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## Math, Will You Be My Valentine?

February is considered the love month. Wondering how this got started? There are many theories. Valentine’s Day itself may have resulted from a poem by the English poet Geoffrey Chaucer in 1375 titled “Parliament of Foules." Let’s focus on the meaning of love as a verb: to hold dear, take pleasure in, or thrive in (Merriam-Webster, n.d.). Sadly, far too few students love mathematics and instead feel anxiety or other negative emotions. We must do better. In this month of love, let’s focus on ways we can ensure that each and every child has the opportunities to

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## The Opportunities of No-Solution Problems

When students encounter unusual situations or exceptions to rules, they can become frustrated and can question their understanding of particular topics. In this article, I share some practical tips.

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## Extending Choral Counting

This instructional activity gives teachers access to student thinking that can be leveraged to extend and connect their ideas.

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## GPS: Working Backward with Data

This month's Growing Problem Solvers focuses on Data Analysis across all grades beginning with visual representations of categorical data and moving to measures of central tendency using a “working backwards” approach.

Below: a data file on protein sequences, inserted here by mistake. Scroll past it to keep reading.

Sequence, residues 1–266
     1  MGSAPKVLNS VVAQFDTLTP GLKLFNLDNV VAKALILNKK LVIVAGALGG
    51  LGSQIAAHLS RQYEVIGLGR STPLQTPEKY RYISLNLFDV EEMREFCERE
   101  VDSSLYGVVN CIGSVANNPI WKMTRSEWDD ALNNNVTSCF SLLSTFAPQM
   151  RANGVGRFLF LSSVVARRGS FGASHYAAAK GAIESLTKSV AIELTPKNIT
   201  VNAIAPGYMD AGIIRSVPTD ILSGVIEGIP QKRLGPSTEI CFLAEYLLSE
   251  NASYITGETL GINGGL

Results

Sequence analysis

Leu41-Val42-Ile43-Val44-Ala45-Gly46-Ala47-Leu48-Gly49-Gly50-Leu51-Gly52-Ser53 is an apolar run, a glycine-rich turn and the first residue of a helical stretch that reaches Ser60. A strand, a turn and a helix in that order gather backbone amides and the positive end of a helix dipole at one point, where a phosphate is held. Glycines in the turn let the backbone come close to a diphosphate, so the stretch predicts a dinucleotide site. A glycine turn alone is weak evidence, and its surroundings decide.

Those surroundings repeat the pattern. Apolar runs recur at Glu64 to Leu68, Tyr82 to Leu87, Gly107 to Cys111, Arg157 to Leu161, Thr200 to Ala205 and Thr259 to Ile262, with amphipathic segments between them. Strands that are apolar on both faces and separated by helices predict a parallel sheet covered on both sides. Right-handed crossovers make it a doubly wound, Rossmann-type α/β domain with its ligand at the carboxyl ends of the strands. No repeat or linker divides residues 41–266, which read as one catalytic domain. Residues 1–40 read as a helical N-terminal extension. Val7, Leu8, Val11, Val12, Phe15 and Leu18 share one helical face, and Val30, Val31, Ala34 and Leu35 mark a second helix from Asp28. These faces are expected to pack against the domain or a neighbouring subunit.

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## Algebra Homework: A Sandwich!

Given two slices of bread—a problem and the answer—students fill in the fixings: their own mathematics reasoning.

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## An Intervention Including an Online Game to Improve Grade 6 Students' Performance in Early Algebra

This study investigated whether an intervention including an online game contributed to 236 Grade 6 students' performance in early algebra, that is, solving problems with covarying quantities. An exploratory quasi-experimental study was conducted with a pretest-posttest-control-group design. Students in the experimental group were asked to solve at home a number of problems by playing an online game. Although boys outperformed girls in early algebra performance on the pretest as well as on the posttest, boys and girls profited equally from the intervention. Implications of these results for educational practice are discussed.

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## Using Tiered Explorations to Promote Reasoning

Address the needs of diverse learners with a class structure that is designed around a crime scene theme and based on student choice and perceptions of the math being studied.